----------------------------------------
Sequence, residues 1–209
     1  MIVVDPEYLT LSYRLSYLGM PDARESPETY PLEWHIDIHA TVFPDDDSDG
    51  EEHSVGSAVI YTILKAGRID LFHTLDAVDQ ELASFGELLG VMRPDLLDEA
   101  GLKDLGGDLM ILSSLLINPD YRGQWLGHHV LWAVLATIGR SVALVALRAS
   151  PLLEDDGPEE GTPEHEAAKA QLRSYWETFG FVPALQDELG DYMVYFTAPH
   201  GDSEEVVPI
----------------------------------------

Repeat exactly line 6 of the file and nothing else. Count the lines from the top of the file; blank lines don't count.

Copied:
   201  GDSEEVVPI